Gökhan M. Mutlu: Hunger, Humility, and Hope for Respiratory ResearchFebruary 1, 2017 at 12:07 am
It would be natural to conclude that Gökhan Mutlu is ambitious. The former valedictorian of the top public high school in Turkey went to one of the country’s best medical schools and graduated sixth in his class; two years ago, at age 45, he was selected to lead the storied program in pulmonary and critical care medicine at the University of Chicago.
But Dr. Mutlu sees it a little differently. “I’ve always been hungry to learn, but I’ve never tried to be ambitious,” he explains. “If I learn something completely, then down the line it will help me take care of my patients.”
He has the same perspective about research: “the accumulation of knowledge leads to better therapies.” As section chief, Dr. Mutlu’s goal is to create research opportunities within his section by encouraging collaborations between clinical and basic science faculty, offering mentorships for junior faculty and fellows, and inviting outside experts to spark research questions. “If someone has an interesting question, and they’d like to know how to study it, I have an open-door policy,” he says. “And if I can’t help, I’ll find someone who can.”
Blazing a Trail in Research
Dr. Mutlu’s research career began with Phil Factor, DO, at Northwestern University, where he studied the role of ß2 adrenergic receptors in the clearance of pulmonary edema in the laboratory. He has furthered understanding of the causes and resolution of acute respiratory distress syndrome by studying the role leptin, glucose metabolism, mitochondrial reactive oxygen species, and other factors play in the critical illness.
His experience with mouse models led to an ongoing collaboration with Scott Budinger, MD, a colleague at Northwestern University who has since become pulmonary division chief. The two have looked at the effect of particulate matter on lung inflammation and cardiovascular disease with major grants from the National Institutes of Health. Dr. Mutlu has focused on how inflammation induced by exposure to particulate matter air pollution in the lung can affect both the liver and the sympathetic nervous system to increase the risk of heart attacks and strokes.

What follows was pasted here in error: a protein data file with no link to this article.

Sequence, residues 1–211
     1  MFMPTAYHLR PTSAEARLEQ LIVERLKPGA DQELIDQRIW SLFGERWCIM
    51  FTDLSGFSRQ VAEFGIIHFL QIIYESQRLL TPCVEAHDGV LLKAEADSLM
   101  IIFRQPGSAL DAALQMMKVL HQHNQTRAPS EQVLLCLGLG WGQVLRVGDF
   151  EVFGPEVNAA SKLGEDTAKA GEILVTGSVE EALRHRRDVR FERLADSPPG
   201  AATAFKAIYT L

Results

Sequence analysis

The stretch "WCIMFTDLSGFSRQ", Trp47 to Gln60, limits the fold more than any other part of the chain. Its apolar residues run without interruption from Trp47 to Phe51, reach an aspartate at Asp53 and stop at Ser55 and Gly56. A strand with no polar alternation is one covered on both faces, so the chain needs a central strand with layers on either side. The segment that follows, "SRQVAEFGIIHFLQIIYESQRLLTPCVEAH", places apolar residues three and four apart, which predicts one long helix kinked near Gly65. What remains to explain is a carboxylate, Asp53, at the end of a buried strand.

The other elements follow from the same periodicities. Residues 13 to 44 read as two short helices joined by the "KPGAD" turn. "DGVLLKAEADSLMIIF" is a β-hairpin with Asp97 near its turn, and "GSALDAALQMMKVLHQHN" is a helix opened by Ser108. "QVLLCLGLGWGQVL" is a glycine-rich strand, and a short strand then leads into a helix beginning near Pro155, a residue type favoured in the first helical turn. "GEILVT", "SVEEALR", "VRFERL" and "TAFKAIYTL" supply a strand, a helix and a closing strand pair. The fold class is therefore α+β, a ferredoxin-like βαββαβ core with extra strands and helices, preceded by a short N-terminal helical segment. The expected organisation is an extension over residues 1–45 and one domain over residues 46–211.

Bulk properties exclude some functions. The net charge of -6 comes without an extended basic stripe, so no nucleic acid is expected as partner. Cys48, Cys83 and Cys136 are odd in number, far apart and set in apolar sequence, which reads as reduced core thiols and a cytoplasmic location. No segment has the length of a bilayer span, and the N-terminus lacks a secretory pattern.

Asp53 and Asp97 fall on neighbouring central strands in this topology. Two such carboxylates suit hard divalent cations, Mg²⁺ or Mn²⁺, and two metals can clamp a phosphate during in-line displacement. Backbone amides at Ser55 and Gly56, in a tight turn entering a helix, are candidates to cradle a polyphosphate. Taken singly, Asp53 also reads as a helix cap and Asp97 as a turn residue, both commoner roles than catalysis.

“Gökhan is a thorough, thoughtful and careful scientist,” Dr. Budinger says. “He’s really good at framing questions into a clinical context and developing experimental approaches to test hypotheses.”
Dr. Budinger says his research collaborator is also adept at inspiring trainees in the lab by finding out what their research ideas and career aspirations are.
New Beginnings in the U.S.
Dr. Mutlu might never have left Turkey were it not for his wife, Ece, who was a classmate at Istanbul University’s medical school. She studied at Robert College, an American college preparatory school and wanted to return to the U.S. after medical school. She is now a faculty member in gastroenterology at Rush University Medical Center in Chicago.
After two years of a medical residency in Turkey, Dr. Mutlu began his residency at the University of Illinois at Chicago/Michael Reese Hospital. Like many ATS members, his work in the ICU convinced him to pursue fellowship training in pulmonary and critical care medicine. “The way patients responded to therapy in the ICU fascinated me and got me interested in physiology and pathophysiology,” he says. He also completed a fellowship in sleep medicine at the university.
Jacob (Iasha) Sznajder, MD, met Dr. Mutlu during his residency at Michael Reese Hospital. Later, when Dr. Sznajder was division chief at Northwestern University, he recruited Dr. Mutlu to the university’s faculty. The two have been research collaborators since then, and when Dr. Sznajder served as editor of the American Journal of Respiratory and Critical Care Medicine, Dr. Mutlu was an associate editor. Dr. Mutlu is currently serving as an associate editor of the American Journal of Respiratory Cell and Molecular Biology.
“Gökhan is truly a renaissance man who has excelled because of his superior intellect and his understanding of complexity,” Dr. Sznajder says. “He’s fair and has high ethical and moral standards.”
Staying in Touch with His Roots
Dr. Mutlu says that without the help and support of Drs. Sznajder, Budinger, and Factor he “couldn’t have achieved what I have.” Though his career has been based in the U.S. for many years, he returns to Turkey periodically to give lectures for the Turkish Thoracic Society.
In addition to reading as much fiction and nonfiction as his schedule allows, Dr. Mutlu relaxes by making models and painting watercolors. He played soccer growing up, is still an avid fan, and enjoys watching his 14-year-old son Emre’s soccer games.